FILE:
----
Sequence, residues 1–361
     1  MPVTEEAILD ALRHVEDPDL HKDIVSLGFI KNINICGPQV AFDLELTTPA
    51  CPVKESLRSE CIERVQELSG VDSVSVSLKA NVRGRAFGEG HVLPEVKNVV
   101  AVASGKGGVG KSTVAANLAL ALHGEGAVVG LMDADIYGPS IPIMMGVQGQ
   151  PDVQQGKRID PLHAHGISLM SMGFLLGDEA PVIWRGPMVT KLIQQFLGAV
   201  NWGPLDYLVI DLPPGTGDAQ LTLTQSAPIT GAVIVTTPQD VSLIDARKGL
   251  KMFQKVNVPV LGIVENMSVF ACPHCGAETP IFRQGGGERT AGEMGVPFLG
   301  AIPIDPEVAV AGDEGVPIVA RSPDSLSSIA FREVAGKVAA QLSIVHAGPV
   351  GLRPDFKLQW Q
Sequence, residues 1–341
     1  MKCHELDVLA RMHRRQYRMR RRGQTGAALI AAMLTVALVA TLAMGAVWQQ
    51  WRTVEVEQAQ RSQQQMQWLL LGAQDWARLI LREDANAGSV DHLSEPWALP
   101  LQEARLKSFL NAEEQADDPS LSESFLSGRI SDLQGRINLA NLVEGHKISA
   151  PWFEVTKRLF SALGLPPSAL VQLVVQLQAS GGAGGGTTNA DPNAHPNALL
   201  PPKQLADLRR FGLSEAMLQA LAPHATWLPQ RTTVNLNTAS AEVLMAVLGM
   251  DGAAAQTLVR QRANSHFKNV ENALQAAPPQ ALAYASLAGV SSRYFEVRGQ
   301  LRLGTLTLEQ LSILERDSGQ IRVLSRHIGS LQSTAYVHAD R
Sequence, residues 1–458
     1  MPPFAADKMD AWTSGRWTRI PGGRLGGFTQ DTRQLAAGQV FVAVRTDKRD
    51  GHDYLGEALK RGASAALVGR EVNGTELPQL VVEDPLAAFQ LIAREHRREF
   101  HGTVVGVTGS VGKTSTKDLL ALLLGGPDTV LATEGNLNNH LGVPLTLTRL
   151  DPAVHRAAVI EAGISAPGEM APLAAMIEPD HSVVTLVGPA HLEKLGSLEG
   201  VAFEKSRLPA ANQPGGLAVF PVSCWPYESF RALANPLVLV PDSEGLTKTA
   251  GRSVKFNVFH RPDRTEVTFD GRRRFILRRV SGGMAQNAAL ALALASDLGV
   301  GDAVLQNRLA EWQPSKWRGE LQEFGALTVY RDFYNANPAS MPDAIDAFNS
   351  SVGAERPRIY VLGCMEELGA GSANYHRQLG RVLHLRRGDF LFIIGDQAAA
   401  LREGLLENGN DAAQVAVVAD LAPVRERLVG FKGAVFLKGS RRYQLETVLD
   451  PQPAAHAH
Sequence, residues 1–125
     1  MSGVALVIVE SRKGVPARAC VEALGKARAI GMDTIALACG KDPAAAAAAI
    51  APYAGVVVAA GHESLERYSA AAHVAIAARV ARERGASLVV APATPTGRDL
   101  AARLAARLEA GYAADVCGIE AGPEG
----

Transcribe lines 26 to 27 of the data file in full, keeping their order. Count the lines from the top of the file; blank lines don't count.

   351  SVGAERPRIY VLGCMEELGA GSANYHRQLG RVLHLRRGDF LFIIGDQAAA
   401  LREGLLENGN DAAQVAVVAD LAPVRERLVG FKGAVFLKGS RRYQLETVLD